Secure Is Your Operating System

The security implemented in an operating system and accounts always has a level of vulnerability. Most security measures are feel good methods. Username and passwords, for example, represent single level authentication, identifying who you are, the username and proof that you are who you are, the password. It is said for modern security protocols to require the username to be unique and the password to have a minimum of 16 characters and a random combination of uppercase, lowercase, numbers and special characters to be utilized. 16 digits the extent of the average person to remember their own passwords. With the growing technological advancements of computer processing power, such passwords will eventually be capable of being broken in shorter amounts of time, eventually making them completely useless. Most operating systems store username and password combinations as hash algorithms in specific files that can be viewed as plain text, resulting in the need for passwords to be ultimately obsolete.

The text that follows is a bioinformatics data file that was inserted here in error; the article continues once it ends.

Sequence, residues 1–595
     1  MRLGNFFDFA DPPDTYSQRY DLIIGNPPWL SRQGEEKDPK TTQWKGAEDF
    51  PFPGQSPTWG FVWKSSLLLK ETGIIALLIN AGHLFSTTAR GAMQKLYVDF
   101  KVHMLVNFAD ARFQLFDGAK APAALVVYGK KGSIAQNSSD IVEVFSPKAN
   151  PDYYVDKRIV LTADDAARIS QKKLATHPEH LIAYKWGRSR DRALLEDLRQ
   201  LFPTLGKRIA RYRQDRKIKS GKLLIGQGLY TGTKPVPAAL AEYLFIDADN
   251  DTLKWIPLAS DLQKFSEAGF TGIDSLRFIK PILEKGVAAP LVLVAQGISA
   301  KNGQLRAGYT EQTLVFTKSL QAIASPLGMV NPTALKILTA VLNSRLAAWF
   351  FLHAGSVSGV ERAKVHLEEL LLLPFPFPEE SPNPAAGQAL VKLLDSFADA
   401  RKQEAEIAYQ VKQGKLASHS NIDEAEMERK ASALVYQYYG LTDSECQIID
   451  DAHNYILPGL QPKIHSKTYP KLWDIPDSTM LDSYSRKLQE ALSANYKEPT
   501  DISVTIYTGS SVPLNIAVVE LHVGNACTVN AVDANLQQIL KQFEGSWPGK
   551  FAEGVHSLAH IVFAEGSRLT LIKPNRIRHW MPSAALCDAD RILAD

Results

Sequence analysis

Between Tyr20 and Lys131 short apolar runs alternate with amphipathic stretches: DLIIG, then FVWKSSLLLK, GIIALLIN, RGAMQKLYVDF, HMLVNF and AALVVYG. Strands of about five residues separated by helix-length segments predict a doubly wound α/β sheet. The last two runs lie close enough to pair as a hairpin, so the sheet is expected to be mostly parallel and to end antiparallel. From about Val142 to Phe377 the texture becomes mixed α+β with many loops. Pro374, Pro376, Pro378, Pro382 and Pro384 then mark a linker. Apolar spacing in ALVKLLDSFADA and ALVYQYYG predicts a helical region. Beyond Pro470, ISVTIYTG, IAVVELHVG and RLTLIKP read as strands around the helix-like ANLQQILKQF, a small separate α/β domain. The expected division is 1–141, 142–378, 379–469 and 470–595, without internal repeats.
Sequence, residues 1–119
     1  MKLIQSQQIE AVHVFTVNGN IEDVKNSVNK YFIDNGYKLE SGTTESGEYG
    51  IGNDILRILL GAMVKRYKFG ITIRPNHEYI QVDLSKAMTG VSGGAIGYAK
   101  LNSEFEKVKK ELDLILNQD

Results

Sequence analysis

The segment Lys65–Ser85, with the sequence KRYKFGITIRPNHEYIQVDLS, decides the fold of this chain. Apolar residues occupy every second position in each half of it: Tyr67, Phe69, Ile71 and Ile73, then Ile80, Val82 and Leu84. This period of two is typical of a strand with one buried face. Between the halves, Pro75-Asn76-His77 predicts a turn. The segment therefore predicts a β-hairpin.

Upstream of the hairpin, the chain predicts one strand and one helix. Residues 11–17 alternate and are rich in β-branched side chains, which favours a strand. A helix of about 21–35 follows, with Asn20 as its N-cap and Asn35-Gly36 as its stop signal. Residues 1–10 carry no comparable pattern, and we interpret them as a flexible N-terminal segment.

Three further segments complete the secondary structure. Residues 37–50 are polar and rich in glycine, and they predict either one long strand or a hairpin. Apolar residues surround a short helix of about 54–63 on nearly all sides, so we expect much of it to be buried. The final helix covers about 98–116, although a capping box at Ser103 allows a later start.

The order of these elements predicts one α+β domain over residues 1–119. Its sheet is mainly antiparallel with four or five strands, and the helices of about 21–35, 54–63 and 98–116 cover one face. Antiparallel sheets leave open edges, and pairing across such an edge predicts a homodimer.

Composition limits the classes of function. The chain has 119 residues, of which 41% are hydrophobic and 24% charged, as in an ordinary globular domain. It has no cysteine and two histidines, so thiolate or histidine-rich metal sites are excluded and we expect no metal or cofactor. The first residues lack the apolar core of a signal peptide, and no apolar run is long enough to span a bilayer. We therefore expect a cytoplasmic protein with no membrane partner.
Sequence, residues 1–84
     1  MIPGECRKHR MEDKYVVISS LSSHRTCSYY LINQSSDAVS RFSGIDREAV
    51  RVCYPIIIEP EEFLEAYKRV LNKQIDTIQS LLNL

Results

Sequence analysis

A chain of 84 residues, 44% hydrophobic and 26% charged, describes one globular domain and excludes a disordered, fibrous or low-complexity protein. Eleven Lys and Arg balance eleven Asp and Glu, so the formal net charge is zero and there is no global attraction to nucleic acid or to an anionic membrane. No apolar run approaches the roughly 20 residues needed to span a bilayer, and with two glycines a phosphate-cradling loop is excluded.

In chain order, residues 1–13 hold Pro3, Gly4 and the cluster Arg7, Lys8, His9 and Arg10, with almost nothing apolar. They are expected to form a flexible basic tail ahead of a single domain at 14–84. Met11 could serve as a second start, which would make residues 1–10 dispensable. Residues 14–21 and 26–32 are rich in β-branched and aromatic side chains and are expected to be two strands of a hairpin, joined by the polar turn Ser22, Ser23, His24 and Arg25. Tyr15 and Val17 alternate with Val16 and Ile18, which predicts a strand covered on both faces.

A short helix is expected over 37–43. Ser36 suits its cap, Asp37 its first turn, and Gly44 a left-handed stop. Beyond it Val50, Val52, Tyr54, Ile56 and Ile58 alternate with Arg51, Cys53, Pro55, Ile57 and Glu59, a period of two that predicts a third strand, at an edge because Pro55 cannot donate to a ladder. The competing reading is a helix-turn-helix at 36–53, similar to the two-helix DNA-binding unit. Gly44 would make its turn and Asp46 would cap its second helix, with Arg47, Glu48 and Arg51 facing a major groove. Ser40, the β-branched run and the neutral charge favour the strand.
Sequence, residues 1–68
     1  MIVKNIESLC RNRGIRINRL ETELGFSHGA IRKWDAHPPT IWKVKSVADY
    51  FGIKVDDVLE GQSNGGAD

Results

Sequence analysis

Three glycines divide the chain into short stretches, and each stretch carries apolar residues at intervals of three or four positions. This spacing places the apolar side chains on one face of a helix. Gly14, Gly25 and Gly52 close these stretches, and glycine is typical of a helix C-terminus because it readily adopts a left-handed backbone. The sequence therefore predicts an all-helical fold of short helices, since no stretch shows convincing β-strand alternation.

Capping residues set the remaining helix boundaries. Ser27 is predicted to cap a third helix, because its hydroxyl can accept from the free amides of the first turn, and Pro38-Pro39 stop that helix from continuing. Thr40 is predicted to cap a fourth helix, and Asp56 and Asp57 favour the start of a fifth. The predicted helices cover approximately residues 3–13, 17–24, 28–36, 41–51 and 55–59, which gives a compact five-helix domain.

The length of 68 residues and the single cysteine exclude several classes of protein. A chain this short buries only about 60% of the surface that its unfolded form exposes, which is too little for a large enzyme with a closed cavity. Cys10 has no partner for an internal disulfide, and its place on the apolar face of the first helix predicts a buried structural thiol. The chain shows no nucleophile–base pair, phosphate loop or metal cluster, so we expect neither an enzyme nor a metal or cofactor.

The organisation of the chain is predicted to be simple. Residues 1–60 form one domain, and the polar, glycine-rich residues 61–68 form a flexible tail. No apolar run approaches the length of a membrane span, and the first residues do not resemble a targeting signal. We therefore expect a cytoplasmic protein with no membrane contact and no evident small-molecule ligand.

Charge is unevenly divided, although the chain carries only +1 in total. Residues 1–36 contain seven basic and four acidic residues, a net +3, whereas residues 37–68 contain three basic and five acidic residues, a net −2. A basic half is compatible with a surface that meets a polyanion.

Stating those facts does not mean “So, why bother?” with username and passwords. Passwords do stop the average person from gaining access and some level of security is better than no level of security. There, of course, are other ways to better secure your operating systems, preventing the method mentioned here from being capable of being utilized. Data at rest encryption, for example, is an option at the operating system level. This means a decryption process must occur prior to the operating system boot.

2 factor and 3-factor authentication also increase the security level of your operating system. CAC (Common Access Cac) cards, commonly utilized by the DoD and other government agencies are a prime example of 2-factor authentication. The first factor, requiring the card itself that maintains encrypted certificates to identify who you are and who you say you are, plus the second factor of a pin as secondary proof.